A Newfoundland creation, Rawlins Cross actually took its name from a cross section of streets in a town called St. John's. Members of this group include lead singer Joey Kitson, a pair of songwriting brothers, pianist and accordionist Geoff Panting, and mandolin and guitar player Dave Panting, percussionist Ian McKinnon, drummer Howie Southwood, and musician Brian Bourne, who plays a little-known instrument, the chapman stick, a mixture of both bass and guitar. Recordings by Rawlins Cross have the flavor of both neo-traditional pop and Celtic, as well as other styles like rock & roll and some blues and soul. After earning a number of awards, completing half a dozen popular albums, and touring worldwide, the bandmembers announced their decision to call it quits.
Rawlins Cross formed in 1988. A short year later, the group's debut album, A Turn of the Wheel, hit the market. It took three years for the sophomore release to appear, Crossing the River. Other albums from the band include Reel 'n' Roll, Living River, Celtic Instrumentals, and Make It on Time. Along the way, Rawlins Cross won a number of music awards, such as East Coast Music Awards for the Best Recording Group and the Best Pop/Rock Group. There were also Juno nominations for Best Album Design and the Best Roots/Traditional Group. Television appearances helped increase the group's fan base, and soon, tours found the band playing to sold-out crowds and being backed by some of the top orchestras.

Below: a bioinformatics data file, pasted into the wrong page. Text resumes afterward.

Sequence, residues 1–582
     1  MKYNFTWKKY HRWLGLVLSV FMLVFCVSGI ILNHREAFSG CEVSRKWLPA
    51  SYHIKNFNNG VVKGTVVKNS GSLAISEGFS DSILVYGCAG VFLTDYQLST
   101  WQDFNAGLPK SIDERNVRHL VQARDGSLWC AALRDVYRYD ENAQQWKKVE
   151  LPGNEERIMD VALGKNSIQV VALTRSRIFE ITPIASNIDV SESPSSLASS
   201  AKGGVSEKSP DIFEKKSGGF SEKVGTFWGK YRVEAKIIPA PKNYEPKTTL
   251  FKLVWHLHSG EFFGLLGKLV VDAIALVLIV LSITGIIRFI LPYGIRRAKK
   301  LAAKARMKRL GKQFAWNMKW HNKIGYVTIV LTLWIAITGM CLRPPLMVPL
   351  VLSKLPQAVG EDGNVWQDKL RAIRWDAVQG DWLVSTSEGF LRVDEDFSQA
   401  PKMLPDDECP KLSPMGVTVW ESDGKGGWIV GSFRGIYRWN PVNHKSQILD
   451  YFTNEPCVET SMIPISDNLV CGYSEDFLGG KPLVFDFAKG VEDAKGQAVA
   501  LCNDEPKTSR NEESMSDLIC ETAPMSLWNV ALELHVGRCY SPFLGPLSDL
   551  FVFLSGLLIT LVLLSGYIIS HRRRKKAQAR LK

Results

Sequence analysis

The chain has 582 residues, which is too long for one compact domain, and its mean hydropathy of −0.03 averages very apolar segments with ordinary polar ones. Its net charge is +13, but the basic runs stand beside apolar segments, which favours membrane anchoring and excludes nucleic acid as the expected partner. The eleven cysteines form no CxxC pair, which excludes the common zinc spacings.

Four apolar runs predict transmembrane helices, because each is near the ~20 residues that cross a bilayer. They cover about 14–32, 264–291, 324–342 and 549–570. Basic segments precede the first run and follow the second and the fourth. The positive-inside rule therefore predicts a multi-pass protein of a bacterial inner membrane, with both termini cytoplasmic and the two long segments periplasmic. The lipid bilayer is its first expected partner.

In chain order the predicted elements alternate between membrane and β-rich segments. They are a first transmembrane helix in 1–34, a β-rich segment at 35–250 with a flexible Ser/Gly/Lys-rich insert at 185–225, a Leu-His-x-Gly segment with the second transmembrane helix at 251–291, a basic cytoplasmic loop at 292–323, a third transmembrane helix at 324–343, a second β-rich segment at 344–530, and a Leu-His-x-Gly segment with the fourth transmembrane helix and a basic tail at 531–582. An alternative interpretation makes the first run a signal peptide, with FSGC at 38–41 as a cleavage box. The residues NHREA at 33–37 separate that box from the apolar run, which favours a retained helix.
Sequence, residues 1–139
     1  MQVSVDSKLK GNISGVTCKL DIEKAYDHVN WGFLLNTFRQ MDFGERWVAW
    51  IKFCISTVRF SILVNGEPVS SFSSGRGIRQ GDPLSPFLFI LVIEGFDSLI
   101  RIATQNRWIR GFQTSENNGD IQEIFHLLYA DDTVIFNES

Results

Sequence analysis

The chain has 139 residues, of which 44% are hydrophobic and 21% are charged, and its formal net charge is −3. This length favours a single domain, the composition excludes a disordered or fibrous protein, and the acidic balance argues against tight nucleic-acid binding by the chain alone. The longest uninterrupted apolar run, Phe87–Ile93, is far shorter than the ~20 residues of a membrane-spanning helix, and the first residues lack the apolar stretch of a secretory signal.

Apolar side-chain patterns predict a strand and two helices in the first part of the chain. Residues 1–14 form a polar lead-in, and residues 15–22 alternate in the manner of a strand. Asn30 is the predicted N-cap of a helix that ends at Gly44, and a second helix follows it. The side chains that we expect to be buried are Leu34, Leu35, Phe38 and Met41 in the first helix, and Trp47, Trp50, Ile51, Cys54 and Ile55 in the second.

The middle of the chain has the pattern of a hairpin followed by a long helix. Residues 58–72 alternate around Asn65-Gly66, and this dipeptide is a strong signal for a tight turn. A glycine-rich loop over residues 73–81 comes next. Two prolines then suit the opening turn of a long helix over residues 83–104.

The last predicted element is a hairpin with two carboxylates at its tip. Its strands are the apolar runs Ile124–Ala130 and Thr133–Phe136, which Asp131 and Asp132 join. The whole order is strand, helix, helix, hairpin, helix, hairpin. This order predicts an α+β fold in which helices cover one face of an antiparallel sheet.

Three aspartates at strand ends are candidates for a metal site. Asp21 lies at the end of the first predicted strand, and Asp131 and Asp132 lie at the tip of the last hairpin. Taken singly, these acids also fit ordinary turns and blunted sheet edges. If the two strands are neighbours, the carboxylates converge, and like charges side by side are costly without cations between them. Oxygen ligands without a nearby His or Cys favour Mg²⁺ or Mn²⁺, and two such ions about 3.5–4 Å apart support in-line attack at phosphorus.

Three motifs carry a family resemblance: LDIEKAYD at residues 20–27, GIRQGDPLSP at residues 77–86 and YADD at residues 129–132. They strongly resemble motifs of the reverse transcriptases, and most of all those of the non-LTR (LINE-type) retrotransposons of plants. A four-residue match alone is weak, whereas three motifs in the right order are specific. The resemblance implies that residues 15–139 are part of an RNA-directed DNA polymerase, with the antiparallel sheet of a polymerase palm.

In December of 2000, Rawlins Cross performed its last show, accompanied by the Edmonton Symphony Orchestra. There were no hard feelings between the parting members, just a wish to try something new. Most of them will give solo careers a chance. Working as part of Rawlins Cross gave them a strong foundation to start off from.